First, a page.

By Michael Romain
Saturday, May 18, 2013, Maywood – When Patrick Winters got to the podium he held out the bullhorn that served as the event’s impromptu sound system and with it reproduced the blare of emergency sirens. “This is the sound we hear every time our children are killed! This is the sound we’re trying to drown out of our community!”
Winters stood on a wooden stage foregrounded by a fenced-in gazebo that is dilapidated and weathered. In the past, the gazebo may have been the focal point of this gathering, but now it is inaccessible and unused. Hand-colored posters enlivened the fencing around the gazebo, but didn’t quite offset or mute the dying structure’s dirge presence — a dark reminder that in the past this event most likely would not have been needed. And an even darker reminder that that past is gone.
This was billed as a night of prayer for Maywood (“Taking Maywood Back” was the theme on the program), planned and executed by Billy Fowlkes and Ruby Carswell, the stewards of a ministry they call the Covenant Daughters of IAM ‘Elohim’. Carswell, the ministry’s founder, desires to have her organization’s prayers issue forth and support the Village as a chamber supports a heart. Fowlkes, an evangelist and the ministry’s executive assistant, said he was motivated to do something after returning to Maywood from Memphis, TN, and noticing that the Village in which he grew up was not the Village to which he returned.
Fowlkes claims that his family was one of the first that settled in Maywood. His grandmother, Arwilder Fowlkes, was apparently the second black student who graduate from Proviso East and Washington Elementary. She was also one of the organizers of Second Baptist Church in Maywood. And Fowlkes’s father was the first black athletic director of District 89.
Currently, Billy Fowlkes serves as a volunteer at the Boys and Girls Club on 200 S. Fifth Avenue. He observes young people like 19-year-old DaShamone McCarty practically everyday. When he convened the first planning meeting for this night of prayer about a month ago, McCarty was still alive. There were about ten or twelve people who came at his invitation, including Mayor-elect Edwenna Perkins and former mayoral candidate Nicole Gooden. Before the meeting, Folwkes piled a stack of West Suburban Journal newspapers headlining the case of one-year-old Bryeon Hunter on the table where attendees were to sit — a reminder of sorts of why they were there.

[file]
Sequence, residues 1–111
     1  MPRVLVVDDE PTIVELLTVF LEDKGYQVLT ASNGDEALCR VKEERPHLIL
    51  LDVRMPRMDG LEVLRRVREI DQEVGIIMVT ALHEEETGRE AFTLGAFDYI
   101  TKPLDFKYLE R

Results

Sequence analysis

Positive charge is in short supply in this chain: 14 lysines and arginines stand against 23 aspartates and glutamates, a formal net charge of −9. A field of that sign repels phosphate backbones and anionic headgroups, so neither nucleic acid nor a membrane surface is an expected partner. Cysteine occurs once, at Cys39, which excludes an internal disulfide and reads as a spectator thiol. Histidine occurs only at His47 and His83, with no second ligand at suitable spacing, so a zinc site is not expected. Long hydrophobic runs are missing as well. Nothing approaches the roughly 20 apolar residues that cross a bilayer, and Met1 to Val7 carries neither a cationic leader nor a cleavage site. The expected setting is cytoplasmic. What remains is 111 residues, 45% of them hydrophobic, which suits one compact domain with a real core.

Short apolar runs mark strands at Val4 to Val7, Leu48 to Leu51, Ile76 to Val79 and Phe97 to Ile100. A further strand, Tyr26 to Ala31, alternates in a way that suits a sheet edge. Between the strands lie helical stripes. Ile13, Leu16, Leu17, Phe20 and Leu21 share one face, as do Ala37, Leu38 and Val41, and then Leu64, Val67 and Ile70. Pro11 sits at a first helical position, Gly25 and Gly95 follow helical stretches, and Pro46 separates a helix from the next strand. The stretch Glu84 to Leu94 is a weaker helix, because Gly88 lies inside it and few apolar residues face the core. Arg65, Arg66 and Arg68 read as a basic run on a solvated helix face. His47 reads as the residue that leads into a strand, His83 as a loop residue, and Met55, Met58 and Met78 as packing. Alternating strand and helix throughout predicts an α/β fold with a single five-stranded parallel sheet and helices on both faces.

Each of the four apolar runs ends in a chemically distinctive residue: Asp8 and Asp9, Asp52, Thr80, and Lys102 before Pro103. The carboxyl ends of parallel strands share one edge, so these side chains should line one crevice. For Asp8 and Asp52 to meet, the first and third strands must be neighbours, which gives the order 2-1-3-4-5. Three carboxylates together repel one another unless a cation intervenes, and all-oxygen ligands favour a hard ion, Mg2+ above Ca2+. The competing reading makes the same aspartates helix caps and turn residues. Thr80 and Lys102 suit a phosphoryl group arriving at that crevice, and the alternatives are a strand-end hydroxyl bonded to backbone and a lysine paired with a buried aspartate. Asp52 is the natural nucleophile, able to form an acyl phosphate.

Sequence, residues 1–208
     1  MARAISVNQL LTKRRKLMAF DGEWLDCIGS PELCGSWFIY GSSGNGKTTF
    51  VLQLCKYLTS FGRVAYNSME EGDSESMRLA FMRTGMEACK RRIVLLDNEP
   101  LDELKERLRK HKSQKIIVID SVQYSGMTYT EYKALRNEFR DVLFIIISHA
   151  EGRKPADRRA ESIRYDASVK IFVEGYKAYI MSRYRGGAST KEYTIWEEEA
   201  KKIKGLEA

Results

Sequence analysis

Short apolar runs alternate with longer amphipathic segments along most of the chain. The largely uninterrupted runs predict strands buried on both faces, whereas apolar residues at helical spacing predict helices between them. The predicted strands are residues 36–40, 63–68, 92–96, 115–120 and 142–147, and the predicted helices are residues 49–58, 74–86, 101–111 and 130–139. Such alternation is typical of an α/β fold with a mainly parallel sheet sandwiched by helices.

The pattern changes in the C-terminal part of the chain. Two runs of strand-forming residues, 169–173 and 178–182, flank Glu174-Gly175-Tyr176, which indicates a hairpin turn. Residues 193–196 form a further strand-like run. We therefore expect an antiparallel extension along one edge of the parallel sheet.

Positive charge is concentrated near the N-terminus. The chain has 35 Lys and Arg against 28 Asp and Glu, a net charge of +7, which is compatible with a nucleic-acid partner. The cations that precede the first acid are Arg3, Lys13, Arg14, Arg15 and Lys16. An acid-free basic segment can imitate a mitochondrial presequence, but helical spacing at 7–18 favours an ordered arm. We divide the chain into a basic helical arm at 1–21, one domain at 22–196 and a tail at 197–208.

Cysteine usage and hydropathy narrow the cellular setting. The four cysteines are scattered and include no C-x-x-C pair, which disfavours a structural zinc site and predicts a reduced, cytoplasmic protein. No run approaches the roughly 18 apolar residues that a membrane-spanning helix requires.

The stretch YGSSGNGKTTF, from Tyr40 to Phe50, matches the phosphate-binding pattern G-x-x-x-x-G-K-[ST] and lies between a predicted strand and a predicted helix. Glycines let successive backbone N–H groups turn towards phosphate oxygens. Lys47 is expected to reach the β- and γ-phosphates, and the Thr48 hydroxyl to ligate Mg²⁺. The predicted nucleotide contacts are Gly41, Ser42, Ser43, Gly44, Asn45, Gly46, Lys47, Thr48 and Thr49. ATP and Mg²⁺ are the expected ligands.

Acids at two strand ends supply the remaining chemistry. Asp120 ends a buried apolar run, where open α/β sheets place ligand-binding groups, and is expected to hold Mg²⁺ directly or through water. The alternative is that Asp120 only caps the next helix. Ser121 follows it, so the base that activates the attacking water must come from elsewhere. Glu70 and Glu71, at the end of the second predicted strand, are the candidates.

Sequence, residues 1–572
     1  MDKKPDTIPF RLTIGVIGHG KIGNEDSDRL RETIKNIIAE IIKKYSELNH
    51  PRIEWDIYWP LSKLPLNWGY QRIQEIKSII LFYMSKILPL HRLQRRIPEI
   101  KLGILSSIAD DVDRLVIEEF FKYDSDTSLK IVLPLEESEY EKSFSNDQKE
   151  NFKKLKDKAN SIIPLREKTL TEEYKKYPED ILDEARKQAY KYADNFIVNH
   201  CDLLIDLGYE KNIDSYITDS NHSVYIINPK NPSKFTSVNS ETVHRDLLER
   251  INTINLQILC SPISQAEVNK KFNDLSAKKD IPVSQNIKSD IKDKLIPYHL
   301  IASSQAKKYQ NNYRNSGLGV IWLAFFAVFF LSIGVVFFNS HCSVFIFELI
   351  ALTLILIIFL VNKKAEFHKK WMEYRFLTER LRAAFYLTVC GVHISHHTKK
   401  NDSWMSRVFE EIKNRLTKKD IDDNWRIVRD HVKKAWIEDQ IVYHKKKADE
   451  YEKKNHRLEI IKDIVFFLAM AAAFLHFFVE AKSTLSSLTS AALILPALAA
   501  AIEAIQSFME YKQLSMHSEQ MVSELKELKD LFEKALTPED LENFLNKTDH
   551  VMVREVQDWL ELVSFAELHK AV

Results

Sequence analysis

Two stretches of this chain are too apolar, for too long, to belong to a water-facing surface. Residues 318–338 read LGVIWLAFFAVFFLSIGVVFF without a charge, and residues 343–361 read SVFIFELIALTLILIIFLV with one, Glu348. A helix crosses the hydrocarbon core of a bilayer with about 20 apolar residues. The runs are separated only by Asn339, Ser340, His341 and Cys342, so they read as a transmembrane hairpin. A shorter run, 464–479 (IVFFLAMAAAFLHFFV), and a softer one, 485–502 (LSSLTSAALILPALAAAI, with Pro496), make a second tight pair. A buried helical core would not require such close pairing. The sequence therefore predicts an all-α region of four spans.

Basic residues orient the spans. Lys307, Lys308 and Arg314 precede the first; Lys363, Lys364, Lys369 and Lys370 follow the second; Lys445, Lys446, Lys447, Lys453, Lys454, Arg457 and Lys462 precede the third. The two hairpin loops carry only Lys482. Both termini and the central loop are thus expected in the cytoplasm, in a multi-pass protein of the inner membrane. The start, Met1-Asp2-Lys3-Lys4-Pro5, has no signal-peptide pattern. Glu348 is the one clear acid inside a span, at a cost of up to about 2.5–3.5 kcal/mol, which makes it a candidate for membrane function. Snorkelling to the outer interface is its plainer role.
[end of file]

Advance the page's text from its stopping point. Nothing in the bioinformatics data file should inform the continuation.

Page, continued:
Now, two days after McCarty’s shooting death, the program acquired a fresh relevance. “We are losing too many kids over nonsense!” Fowlkes blared into the bullhorn, which, like the gazebo, seemed freighted with symbolism. The microphone system at the podium had proven useless, because the electricity in the park at 4th and Oak had abruptly cut off.
The complication sent Fowlkes into a conspiratorial tantrum. “I need you to write that Maywood cut our power off!” he told me when I arrived. Fowlkes would eventually settle for the more crackly alternative. The persistent presence of the bullhorn, ironically, would add to the event a layer of protestation, of urgency, that makes a microphone staid by comparison. Prayers mouthed from bullhorns seem aesthetically more political, more worldly, than prayers mouthed from mics.
Fowlkes formally opened the ceremony with a moment of silence for Bryeon Hunter. He began reading from Philippians 4:6-9. “Be careful for nothing; but in everything by prayer and supplication with thanksgiving let your requests be made known unto God…” After his scripture, Fowlkes introduced the night’s moderator, Angela Taylor Brown, who followed Prophetess Ruby Carswell, the ceremony’s co-planner.
Carswell ascended the stage dressed in a gleaming white power suit that she seems to have trademarked. She’d worn a similar white suit at the first planning meeting. It is as if Carswell, a reformed drug addict and herself the mother of a son who was shot in Maywood, wants to constantly remind herself and others of her unlikely transformation. She may literally wear her testimony, her deliverance, on her sleeves.
Once she got the podium, Carswell immediately went into a sermonic sing-song, prayers interlacing scriptures interlacing declarations interlacing rapid-fire, indecipherable glossolalia. “We call for the power of the holy ghost to step in right now!” The crowd, enraptured by her charisma, responded with calls of affirmation.
Fowlkes had directed the crowd of about seventy to form an interlocking circle of unity as different speakers approached the podium. At the circle’s focal points were several children holding handmade banners with anti-violence messages. Prayers followed prayers. “We believe this is going to be a catalyst for the Holy Spirit!” one man prayed. “We stomp the devil out of Maywood in Jesus’ name!” prayed Fowlkes. “We want to know why our children are dying!”
Once the circle was broken and people went back to their seats, the camp revival atmosphere shifted somewhat to that of a public memorial, with several people’s personal accounts of the way Maywood used to be sounding more like elegies than nostalgic reminiscences. There was another moment of silence for baby Hunter and DaShamone McCarty.
Sonja McCoy, a 26-year employee of Loyola and lifelong Maywoodian who runs Eternal Light Community Services, an organization that facilitates positive programming for the town’s youth, talked about her own youth in the Village. “I remember when,” she said as a refrain, providing a litany of things that once were, but are no longer. Swift merry-go-rounds. Softball games at Winfield Park. Tag at the Rec. The swirly slide at Water Works Park. The A&P. The time when Maywood had not one, but two libraries.